Netflix and AOL – According to our first rotten phish, your Netflix account is locked until you update your payment details! Yikes! But this email didn’t come from netflix.com, it came from teksom[.]net and links point to Twitter’s link-shortening service. Sucuri.net tells us this link will redirect people to a crazy-domain called AprilEnd-225742[.]info which was registered on April 26th, about 3 weeks earlier. Deeeeleeeete!
We have two nasty phish with sharp teeth targeting AOL users. Both oddball emails confuse AOL with Yahoo. What’s up with that? The first points to a website that was registered in India and claims that there was an attempt to log into your account. The second is just plain old stupid and asks you to update your mailbox to a newer version. The only clever thing about phish #2 is the fact that it appears to have come from an AOL account, but not certainly not AOL account support! They’re both trash! Delete!
Seller Targeted on Craigslist – Someone we know decided to sell a small wooden table and 4 chairs for $175. Like many people selling used items, they posted it on Craigslist. Within hours they were contacted by someone named Zachery Carter who claimed to be interested in the set. However, Mr. Carter’s email set off so many red flags to our friend that she contacted us to ask if we thought this could be a scam. Hell yes! Let’s break it down for you…
- Mr. Carter claims to be “out of town” and unable to pick up or even see the item for sale.
- DESPITE being out of town and seeing only a photo of it on Craig’s List, Mr. Carter asks if he can send a “cashier’s check” to the owner, INCLUDING an extra $50 to hold it for him! (Just to be clear, that extra $50 represents a payment that is 29% more than the asking price! People, we’re not talking about buying a home in today’s market! It’s just a used table and chairs.)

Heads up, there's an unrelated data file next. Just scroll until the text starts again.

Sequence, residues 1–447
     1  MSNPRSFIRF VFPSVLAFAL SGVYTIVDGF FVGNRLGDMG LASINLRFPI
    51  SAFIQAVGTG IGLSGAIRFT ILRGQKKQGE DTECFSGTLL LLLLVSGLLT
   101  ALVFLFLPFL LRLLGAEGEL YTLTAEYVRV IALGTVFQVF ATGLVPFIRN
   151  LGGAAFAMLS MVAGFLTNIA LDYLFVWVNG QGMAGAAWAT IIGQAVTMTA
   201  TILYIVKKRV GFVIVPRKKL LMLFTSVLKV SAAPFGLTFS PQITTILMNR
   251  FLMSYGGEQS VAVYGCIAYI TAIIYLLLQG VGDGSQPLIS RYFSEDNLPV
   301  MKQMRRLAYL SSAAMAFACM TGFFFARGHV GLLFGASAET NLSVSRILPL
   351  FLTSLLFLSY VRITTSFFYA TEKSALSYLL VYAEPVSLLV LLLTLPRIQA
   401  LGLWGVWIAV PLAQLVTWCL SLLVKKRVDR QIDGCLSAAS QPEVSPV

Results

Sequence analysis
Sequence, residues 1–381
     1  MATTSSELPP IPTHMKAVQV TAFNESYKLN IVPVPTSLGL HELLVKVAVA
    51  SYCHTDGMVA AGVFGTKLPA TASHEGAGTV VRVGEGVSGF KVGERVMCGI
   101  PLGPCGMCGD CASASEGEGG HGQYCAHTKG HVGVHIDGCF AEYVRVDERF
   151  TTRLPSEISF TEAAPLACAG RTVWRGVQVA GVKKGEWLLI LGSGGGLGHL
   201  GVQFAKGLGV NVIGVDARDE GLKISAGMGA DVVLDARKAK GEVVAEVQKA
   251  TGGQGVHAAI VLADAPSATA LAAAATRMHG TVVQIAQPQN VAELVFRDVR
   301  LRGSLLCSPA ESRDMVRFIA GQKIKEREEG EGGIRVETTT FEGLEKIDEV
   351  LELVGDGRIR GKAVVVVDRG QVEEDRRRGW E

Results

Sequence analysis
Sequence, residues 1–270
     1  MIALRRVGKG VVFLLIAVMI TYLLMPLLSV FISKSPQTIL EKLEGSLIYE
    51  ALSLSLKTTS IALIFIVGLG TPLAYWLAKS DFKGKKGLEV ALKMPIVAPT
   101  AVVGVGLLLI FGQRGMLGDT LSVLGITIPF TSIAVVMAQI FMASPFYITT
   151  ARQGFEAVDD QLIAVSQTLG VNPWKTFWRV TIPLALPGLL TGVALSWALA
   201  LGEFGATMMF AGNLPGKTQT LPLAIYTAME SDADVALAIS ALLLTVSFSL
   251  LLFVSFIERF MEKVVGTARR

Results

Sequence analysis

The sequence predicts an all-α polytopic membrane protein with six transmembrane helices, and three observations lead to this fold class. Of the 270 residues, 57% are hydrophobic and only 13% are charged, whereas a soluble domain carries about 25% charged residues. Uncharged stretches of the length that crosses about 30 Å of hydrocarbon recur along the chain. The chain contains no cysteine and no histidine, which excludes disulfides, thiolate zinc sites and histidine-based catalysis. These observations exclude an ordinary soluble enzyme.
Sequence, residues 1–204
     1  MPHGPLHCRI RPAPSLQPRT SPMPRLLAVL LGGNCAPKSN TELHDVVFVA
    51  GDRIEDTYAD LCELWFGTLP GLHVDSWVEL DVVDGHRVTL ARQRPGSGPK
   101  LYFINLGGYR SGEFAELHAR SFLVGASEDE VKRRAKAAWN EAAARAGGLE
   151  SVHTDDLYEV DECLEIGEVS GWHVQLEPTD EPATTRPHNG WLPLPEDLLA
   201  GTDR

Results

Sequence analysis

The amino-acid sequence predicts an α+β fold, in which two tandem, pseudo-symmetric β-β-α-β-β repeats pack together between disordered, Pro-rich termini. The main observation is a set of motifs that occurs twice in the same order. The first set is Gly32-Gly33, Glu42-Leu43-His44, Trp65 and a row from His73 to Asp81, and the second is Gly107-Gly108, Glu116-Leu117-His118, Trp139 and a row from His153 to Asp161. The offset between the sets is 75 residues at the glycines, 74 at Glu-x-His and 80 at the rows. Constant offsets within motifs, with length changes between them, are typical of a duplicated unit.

So what’s the scam? Scammers will often “accidentally” overpay for items and then ask the recipient to deposit the check and wire the overage back to the scammer. Of course, the check will bounce, sometimes taking 5-7 business days before it bounces because the fake check is so well crafted. Some bogus checks even use real account information stolen from a business or person. However, the money you’ll have wired to the scammer will be unreturnable and untraceable.
A few hours later, we heard from the woman again! This time she received a communication over Instagram (where she also posted the table and chairs). A man named “Shabzy Marney” said he was interested in the set and asked if it was still available. Once again, the woman spotted some “red flags” that made her feel that this was another scammer. For example…
- Mr. Marney’s Instagram account had ZERO posts and just 28 followers.
- Mr. Marney’s Instagram account also has another name listed below his: Johnson Mavies.
- Mr. Marney said he would take it after asking only 1 question and not seeing any more pictures of it or seeing it in person.
- Mr. Marney offered to pay for it in advance “while my brother come over to pick it up tomorrow evening by 5;00.”